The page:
When Not to Stop!

Safety Corner logoBy Eli Post

 

The faster you go, the more important it is to be able to stop quickly, and so you need good, properly adjusted, brakes. While you should always be sure that your brakes are working up to their full potential, it is just as important to know when not to stop. That is, recognize those situations when applying brakes can be asking for trouble.

We’ve all seen someone drop something from their bike, like a water bottle. Your tendency is to stop and retrieve the fallen object, but on a group ride, when you are never sure if other cyclists are nearby, you must first signal that you are stopping so others can react in time and not crash into you. This may sound obvious, but when you sense the object flying off your bike, the urge to retrieve it may make you forget to signal and slow down, and instead stop without warning.

The same logic applies when you miss a turn, and at that moment can’t be sure there is no one behind you. Stopping short is asking for trouble. And let’s not forget the irresistible ring of a cell phone. In general, you should limit sudden, abrupt or unexpected stops to truly dangerous situations. Remembering this safety rule now could help you sometime in the future.

A “not to stop” situation that is more difficult to handle involves contact with another cyclist, especially if you should overlap and bump the wheel in front of you. It is important to have strategies to cope with this usually unexpected event, as you can’t be expected to work out a solution on the spot.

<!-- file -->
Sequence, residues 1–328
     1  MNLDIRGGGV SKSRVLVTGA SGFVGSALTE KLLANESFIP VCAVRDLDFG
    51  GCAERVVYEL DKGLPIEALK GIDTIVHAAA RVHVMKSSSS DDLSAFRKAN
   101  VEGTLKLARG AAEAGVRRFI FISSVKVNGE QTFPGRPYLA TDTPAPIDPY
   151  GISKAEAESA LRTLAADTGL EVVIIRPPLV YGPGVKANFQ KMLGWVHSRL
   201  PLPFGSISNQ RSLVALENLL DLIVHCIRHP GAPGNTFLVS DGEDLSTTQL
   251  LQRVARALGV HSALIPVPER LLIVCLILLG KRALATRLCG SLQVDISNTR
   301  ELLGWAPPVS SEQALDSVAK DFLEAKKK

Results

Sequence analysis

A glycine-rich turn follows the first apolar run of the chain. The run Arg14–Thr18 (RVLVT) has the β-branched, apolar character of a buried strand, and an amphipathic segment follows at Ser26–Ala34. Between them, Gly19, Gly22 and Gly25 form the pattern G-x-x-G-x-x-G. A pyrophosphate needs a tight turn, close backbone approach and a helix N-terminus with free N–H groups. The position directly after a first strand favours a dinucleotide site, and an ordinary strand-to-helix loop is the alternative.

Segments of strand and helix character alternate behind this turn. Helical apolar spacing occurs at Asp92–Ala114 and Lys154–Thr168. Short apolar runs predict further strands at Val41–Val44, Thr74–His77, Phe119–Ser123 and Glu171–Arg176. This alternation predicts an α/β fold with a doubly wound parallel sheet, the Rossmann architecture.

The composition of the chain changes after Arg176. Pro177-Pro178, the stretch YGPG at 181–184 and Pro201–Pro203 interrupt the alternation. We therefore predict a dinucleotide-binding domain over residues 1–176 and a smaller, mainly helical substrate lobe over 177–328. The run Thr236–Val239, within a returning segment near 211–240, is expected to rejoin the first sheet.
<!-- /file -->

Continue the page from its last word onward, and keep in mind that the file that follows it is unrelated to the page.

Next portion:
This is somewhat akin to driving on snow and ice, where some “practice” in controlled situations can help deal with the real event. Generally speaking, the rider in front will merely feel a bump, and be able to maintain control. The rider in front should not stop suddenly for fear of causing a pileup, but continue to move forward. The rider behind, whose front wheel touches, is in a more serious predicament.

The correct response will give you a much better chance of staying upright. First, of course, don’t overlap anyone’s rear wheel i.e., keep your front wheel completely behind the rear wheel of the person you are following. If your front wheel makes contact, your instinctive reaction may be to steer away. However, this reaction will throw you off balance, as this is also the direction the wheel you touched is pushing you.

This is the reason riders lose control and crash. Instead, if wheels touch, steer toward the rear wheel to keep your bike upright. This is done with a slight movement of the handlebar, not a hard turn. You may wish to practice with a friend and not wait for a real situation. Intentionally bump your friend’s rear wheel so you can learn the reactions it takes to stay upright. Then trade positions and let your friend practice. Caution—a fall is likely if you experiment with bumping, so this should be done on grass in a controlled environment. Wear your helmet!

Safety is about choices, and sometimes they’re not the obvious choices!

Please send corrections, additions, comments and praise to

© 1997- CRW, Inc. All rights reserved. Revised: